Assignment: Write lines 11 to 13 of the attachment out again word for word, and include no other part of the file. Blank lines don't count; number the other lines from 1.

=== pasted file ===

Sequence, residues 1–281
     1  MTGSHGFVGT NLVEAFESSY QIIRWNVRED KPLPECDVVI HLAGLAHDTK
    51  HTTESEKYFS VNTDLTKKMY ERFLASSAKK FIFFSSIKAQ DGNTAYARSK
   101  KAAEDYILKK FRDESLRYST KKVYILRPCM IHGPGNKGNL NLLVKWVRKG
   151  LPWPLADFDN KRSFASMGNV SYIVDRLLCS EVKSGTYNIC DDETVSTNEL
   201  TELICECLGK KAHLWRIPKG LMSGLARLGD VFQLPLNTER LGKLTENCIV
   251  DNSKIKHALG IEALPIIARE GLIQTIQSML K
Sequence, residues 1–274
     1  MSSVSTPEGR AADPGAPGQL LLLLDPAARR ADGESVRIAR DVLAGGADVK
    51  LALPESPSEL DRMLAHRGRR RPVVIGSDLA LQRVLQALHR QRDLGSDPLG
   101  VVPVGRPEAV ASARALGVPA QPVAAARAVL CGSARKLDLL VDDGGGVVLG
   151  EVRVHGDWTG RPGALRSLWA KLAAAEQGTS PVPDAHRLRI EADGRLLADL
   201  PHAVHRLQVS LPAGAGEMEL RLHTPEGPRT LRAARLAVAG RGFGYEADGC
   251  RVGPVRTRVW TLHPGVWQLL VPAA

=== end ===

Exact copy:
   101  VVPVGRPEAV ASARALGVPA QPVAAARAVL CGSARKLDLL VDDGGGVVLG
   151  EVRVHGDWTG RPGALRSLWA KLAAAEQGTS PVPDAHRLRI EADGRLLADL
   201  PHAVHRLQVS LPAGAGEMEL RLHTPEGPRT LRAARLAVAG RGFGYEADGC